Still Life: Anemones And Hyacinths

We love this little story celebrating clever ladies in art past and present across the last century, and wanted to share it with you…

Frances Hodgkins’ Still Life: Anemones and Hyacinths c1925, has been kept in storage for almost 60 years at Auckland Art Gallery. Not seen by the public for 56 years, it’s now on display at Auckland Art Gallery Toi o Tamaki as part of the Frances Hodgkins: Forgotten Still Life exhibition, which opened 22 August.

Although most of the painting was in good repair when it entered the Gallery’s collection in 1956, the upper layer of brown paint around the flowers was flaking severely and no suitable treatment was available. Over the past six months, conservator Genevieve Silvester, the Gallery’s 2015 Marylyn Mayo intern, developed a remedy and restored the work to a condition where it can now be shown in public. Kind of amazing right?

“The most critical part of the treatment was to stabilise the flaking paint to prevent any further loss,” says Silvester, who first researched the type of paint Hodgkins used in order to determine the best type of adhesive to secure the flakes back into place. Two tiny samples of the brown paint were taken for analysis to Auckland Science Analytical Services at the University of Auckland.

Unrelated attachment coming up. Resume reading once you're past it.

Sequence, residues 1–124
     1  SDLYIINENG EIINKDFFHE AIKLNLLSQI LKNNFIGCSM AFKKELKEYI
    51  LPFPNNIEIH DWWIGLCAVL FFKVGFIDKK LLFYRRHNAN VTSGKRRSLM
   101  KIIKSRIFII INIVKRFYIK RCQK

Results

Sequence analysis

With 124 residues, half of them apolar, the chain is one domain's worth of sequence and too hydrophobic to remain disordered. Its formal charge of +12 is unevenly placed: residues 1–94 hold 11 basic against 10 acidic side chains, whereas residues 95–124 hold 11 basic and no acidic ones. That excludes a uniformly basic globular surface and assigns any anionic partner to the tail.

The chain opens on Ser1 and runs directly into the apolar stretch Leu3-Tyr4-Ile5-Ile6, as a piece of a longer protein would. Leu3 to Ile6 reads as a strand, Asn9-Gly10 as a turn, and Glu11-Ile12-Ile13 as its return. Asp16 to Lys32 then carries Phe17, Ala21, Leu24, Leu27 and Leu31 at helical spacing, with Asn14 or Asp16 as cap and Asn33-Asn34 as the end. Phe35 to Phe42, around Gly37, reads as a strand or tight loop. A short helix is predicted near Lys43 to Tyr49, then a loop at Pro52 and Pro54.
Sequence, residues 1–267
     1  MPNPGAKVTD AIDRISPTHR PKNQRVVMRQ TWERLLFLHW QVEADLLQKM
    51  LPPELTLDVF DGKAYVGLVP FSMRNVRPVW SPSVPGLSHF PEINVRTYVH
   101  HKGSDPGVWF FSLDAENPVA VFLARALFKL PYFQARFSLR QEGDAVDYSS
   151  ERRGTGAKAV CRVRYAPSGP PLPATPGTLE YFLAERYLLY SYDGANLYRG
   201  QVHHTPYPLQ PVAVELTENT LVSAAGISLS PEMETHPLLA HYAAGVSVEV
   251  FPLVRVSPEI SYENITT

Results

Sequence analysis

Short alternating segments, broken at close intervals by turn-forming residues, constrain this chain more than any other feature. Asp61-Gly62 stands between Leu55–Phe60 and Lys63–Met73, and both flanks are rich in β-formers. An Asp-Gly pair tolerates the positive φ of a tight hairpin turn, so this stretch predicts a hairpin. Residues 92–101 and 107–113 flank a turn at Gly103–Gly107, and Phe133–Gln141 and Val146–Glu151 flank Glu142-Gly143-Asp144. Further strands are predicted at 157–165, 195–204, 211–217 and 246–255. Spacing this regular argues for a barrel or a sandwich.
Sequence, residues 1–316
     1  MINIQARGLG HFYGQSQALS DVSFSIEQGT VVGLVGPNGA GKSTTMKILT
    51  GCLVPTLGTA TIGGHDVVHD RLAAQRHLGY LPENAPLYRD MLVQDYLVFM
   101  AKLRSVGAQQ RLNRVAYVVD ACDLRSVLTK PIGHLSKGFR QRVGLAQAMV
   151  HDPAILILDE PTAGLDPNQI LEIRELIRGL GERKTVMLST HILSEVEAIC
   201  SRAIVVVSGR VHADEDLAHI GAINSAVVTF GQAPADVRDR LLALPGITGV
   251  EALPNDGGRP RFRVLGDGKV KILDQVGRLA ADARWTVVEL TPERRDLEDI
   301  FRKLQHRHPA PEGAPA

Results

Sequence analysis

“The upper brown layer was identified as gouache (a type of paint). The lower brown layer was found to possibly contain shellac (a varnish) and bovine proteins, which suggests the paint layer contains casein, a paint binder made from cow’s milk,” says Silvester. In response to this discovery, a suitable adhesive was found and applied to the cracks of the flaking paint. Silvester used a heated spatula to warm each tiny flake to increase their flexibility before gently pressing them back down into place – meticulous work that took more than 100 hours and was acheived under high magnification

The Still Life exhibition explores the high degree of experimentation Hodgkins brought to the subject of still life, and includes examples of Hodgkins’ still-life work in a variety of media including pencil, watercolour, gouache and oil. It’s on now and we have plans to pay a visit very soon…


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